This experience would not have been the same without my wonderful roommate Emily (thank you AU for the perfect random pairing), my friends Chris, Petter, Josue, Nick, Wanda, Zoe, Larissa, Abby, Josh, Zaliah, Erin, Kenna, and so many more!
D.C., I’ll definitely be back!
November 11 | Crisp Fall weather and adventuring with friends. Name a better duo--I’ll wait.
I can’t remember the last time I experienced a real Fall. Emily told me during my first week at AU that Fall in D.C. was beautiful. And before I knew it, it was here. The leaves changed seemingly overnight and my caffeine consumption once again skyrocketed thanks to the pumpkin cold brew at Compass Coffee near Spring Valley. I imagined I would be freezing and miserable once the temperature dropped, but I’ve actually grown to enjoy the cold breeze during my walk to class and I think...I may miss it (shocking!).
These past two weeks we’ve had a wide range of speakers, from Mark Murray (Senior Political Editor at NBC News) to Dr. Thomas Snitch (an International security consultant who has been speaking to WSP students for many years throughout his career). The depth of knowledge that these speakers have in their respective fields is incredible. Guest like Dr. Snitch and Mr. Murray have worked in a variety of capacities under many different administrations and are able to describe to us the similarities and differences they have noticed throughout their careers with ease. Mr. Murray encouraged us to pursue our interests in politics as it is something that is near and dear to his heart. It was inspiring to see that even after many years in his career, he still has that same love for the work that he does. At the end of every seminar, our speakers make it a point to offer their contact information to students that wish to ask more questions or receive career advice. Their willingness to speak with students is something that I’ve really appreciated throughout my time in DC.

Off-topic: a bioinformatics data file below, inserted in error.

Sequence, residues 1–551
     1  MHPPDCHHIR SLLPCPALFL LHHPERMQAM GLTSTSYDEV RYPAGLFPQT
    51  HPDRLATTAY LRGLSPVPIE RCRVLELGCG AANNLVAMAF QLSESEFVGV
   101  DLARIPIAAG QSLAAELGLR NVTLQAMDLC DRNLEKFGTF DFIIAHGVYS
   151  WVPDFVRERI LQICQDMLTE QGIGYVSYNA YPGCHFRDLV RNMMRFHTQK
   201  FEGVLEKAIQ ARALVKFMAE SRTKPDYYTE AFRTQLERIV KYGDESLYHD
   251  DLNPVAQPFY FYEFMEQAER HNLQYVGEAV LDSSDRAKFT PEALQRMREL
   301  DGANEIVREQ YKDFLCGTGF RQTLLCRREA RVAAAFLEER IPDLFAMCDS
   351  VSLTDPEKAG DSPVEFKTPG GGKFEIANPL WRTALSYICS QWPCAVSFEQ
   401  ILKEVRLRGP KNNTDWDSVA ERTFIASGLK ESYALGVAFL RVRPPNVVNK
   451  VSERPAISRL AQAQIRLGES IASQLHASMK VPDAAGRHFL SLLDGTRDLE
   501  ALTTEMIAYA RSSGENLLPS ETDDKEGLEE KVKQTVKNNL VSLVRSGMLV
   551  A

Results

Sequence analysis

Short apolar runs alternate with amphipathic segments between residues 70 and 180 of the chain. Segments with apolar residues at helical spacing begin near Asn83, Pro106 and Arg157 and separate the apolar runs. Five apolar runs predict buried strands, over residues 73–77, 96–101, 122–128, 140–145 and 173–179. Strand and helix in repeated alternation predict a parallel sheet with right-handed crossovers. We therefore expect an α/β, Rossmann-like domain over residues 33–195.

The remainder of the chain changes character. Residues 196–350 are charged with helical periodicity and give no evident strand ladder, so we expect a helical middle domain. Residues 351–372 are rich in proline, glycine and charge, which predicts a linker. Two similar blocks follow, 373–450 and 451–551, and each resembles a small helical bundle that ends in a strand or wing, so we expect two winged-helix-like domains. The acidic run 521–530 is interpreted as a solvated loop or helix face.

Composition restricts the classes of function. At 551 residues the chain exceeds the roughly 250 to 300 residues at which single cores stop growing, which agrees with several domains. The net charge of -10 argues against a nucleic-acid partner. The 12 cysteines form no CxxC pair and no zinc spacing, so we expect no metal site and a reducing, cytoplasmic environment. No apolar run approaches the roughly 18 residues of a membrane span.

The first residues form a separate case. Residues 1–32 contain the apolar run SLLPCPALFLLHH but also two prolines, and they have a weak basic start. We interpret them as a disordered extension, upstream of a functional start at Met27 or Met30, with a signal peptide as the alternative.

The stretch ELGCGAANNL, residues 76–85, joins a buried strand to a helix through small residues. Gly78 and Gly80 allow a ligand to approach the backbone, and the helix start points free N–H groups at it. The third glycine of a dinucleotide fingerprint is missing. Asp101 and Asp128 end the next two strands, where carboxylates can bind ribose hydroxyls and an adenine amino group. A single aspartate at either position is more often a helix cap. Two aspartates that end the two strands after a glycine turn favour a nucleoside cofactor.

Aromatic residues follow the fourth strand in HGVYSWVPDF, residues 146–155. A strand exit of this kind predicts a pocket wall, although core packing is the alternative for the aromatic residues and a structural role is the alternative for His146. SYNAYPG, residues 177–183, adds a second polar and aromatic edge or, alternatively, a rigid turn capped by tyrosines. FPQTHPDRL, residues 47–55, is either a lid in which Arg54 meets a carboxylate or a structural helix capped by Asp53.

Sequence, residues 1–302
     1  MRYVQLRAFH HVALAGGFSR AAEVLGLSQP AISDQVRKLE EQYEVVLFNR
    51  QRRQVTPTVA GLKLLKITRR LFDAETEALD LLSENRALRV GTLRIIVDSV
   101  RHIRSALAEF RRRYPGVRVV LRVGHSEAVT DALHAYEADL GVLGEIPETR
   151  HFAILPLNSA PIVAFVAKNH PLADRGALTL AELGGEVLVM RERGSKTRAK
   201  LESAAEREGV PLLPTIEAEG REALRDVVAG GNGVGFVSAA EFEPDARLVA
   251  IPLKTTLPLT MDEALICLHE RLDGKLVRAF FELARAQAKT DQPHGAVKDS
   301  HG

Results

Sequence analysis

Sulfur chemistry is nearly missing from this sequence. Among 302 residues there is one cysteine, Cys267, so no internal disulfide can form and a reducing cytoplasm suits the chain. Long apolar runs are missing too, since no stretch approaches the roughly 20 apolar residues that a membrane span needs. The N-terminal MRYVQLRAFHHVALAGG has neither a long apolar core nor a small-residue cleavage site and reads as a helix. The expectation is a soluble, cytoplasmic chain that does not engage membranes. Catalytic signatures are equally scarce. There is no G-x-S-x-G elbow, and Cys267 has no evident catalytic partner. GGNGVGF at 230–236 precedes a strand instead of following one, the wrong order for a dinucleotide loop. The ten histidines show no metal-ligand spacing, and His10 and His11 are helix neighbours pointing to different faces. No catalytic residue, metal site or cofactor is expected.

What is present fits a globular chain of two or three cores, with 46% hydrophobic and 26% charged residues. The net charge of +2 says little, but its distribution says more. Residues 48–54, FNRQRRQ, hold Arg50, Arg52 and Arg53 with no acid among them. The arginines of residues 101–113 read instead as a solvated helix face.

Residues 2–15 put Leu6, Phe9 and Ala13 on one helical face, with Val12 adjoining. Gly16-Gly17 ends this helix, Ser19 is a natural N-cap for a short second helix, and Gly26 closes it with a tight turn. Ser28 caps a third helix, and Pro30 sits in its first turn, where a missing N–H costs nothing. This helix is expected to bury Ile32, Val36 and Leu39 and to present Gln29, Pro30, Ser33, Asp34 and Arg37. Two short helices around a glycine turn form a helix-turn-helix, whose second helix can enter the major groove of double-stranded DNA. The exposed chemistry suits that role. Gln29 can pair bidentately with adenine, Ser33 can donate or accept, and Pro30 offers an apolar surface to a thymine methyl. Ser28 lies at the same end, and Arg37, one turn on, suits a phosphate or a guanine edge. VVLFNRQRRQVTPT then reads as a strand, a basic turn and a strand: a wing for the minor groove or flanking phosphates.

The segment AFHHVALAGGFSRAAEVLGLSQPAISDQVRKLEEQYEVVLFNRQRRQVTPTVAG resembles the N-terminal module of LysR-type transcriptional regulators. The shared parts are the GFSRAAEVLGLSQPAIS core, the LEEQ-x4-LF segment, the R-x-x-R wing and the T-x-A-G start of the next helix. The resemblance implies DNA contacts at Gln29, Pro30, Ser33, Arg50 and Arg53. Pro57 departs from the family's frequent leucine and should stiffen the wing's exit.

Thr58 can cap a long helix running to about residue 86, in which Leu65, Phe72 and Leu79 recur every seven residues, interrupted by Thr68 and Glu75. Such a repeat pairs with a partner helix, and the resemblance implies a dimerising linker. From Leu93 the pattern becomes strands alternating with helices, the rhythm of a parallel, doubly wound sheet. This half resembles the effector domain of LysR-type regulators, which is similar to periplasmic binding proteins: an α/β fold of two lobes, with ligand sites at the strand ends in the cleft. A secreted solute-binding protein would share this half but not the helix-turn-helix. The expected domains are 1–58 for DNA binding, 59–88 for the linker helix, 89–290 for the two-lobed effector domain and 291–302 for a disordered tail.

This semester is slowly winding down. It’s wild to think that in just 6 short weeks I’ll be flying back home. It feels like just yesterday I was getting lost in the tunnels of the Capitol and roaming AU’s campus for a cozy study spot. With the program coming to an end, I have made it my mission to make the most of the time I have left and continue to explore the city whenever I get the chance. Despite not being the greatest baseball fan (please refer to my first blog post), I was so excited to attend the parade this past weekend celebrating the Nats and their first World Series win. The turnout was incredible! It’s times like these that I wish I was a few inches taller (but don’t worry, I caught glimpses of the players through the crowd’s shoulders). The experience was definitely something I’ll remember for a long time and I’m glad I got to share it with my friends Josh, Larissa, and Abby. I can’t wait to make more memories during our last days in D.C.! Stay tuned for my last blog post!